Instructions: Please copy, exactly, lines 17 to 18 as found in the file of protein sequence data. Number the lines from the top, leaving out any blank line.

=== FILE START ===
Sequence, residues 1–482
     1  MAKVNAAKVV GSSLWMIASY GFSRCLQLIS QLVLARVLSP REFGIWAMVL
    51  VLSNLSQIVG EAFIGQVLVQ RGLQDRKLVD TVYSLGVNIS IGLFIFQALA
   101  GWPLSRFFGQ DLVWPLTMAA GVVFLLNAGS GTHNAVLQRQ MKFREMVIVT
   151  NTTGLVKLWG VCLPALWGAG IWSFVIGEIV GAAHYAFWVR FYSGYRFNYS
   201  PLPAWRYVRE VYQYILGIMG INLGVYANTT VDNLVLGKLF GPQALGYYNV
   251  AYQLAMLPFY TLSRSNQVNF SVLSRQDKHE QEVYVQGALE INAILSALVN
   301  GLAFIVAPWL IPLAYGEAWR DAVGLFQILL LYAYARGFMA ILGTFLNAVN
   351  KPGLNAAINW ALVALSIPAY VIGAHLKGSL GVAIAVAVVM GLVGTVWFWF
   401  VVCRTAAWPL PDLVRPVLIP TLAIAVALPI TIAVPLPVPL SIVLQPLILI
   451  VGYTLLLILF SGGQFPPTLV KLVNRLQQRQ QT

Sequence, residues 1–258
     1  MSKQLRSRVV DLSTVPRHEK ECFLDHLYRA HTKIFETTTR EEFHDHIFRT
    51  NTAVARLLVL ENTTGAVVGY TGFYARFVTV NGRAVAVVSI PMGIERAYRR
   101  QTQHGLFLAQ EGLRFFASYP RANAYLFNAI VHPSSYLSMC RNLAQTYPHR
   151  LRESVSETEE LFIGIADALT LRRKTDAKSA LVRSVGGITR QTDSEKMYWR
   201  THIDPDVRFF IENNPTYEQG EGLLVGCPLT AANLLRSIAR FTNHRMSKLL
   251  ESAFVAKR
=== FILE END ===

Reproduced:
   201  THIDPDVRFF IENNPTYEQG EGLLVGCPLT AANLLRSIAR FTNHRMSKLL
   251  ESAFVAKR